Tri-City mayors expressed a collective desire to move beyond the Covid-19 pandemic and return to the workaday world of potholes, parks and police budgets during their annual “State of the Cities” address.
The mayors of the four cities delivered their traditional overview of municipal government on July 22. The Tri-City Regional Chamber of Commerce puts on the annual event, typically drawing crowds of 400 to 500 to lunch and learn about municipal initiatives and priorities.
As with most 2020 gatherings, the in-person luncheon gave way to a virtual meetup over Zoom.
Kennewick Mayor Don Britain, Pasco Mayor Saul Martinez, Richland Mayor Ryan Lukson and West Richland Mayor Brent Gerry delivered overviews of key economic development projects, wins, losses and upcoming projects.
Kennewick has new fire stations to build and economic development visions for Vista Field and Southridge, and Pasco will build its long-awaited Lewis Street overpass as soon as BNSF Railway signs off on its plans.
Richland is readying the Duportail Bridge for its debut this fall as it prepares to build a pair of new fire stations. And West Richland brings a new well online this fall that will supply drinking water as it braces for a wave of new residential development.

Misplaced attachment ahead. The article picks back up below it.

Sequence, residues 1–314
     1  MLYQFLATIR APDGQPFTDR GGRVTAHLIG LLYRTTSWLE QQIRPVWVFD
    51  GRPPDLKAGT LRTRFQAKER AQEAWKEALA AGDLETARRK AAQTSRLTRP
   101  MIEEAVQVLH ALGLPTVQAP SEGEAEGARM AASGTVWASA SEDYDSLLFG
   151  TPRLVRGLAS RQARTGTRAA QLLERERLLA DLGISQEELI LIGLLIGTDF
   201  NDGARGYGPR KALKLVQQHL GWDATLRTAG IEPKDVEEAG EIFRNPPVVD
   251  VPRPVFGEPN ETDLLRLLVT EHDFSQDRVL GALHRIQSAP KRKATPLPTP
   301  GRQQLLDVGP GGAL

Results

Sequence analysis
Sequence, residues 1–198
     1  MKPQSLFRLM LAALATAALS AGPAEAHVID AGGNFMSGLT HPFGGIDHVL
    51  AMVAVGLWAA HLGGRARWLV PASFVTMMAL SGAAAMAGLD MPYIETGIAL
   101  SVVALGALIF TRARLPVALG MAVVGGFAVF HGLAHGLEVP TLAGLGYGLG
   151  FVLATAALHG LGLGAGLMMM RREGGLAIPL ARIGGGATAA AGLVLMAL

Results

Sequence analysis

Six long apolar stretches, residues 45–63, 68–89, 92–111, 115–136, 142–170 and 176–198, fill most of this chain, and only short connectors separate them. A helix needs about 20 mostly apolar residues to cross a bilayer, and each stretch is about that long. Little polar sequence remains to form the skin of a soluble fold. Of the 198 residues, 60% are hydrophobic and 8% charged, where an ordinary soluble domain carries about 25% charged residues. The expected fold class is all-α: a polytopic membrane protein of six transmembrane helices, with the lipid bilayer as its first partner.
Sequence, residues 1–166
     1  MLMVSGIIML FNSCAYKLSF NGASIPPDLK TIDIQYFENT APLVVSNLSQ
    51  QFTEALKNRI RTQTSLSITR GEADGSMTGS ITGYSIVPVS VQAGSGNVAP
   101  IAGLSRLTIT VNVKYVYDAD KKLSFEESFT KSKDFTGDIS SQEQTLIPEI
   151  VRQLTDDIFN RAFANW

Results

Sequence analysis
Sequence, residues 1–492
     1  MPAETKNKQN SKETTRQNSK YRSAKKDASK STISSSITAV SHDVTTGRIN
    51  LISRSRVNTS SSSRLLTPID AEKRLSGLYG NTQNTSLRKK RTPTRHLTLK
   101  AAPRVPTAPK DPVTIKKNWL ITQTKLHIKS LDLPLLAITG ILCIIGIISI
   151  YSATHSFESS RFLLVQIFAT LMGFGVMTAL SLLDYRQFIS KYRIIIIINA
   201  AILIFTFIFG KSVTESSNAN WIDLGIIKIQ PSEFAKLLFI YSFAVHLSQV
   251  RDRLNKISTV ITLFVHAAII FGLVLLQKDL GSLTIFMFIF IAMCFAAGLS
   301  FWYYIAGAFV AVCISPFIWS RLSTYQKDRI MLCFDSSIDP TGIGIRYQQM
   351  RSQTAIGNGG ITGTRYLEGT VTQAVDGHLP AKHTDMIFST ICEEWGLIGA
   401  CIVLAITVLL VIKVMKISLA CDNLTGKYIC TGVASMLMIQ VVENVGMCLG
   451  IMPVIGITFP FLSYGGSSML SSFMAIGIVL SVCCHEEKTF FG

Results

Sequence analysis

For the mayors, reopening business is Priority No. 1. The mayors implored residents to wear masks and do what it takes to reduce the spread of coronavirus that causes the deadly Covid-19. To date, 146 residents of Benton and Franklin counties have lost their lives to the disease.
The mayors said it’s too soon to predict what the pandemic will mean for the tax revenue that pays for police services, pavement maintenance, parks and a myriad of other municipal functions.
But they hinted at distress to come.
Richland is looking at a possible 10% decline in property tax revenue, Lukson said.
Pasco expects the pandemic to cause a $4 million hit to its budget in 2020 and again in 2021. West Richland hasn’t quantified the hit, but Gerry predicts declines across all the revenue streams that support the general fund, which in turn pays for police, parks and other municipal services.
“It will be several months before we know the full impact,” Lukson said.
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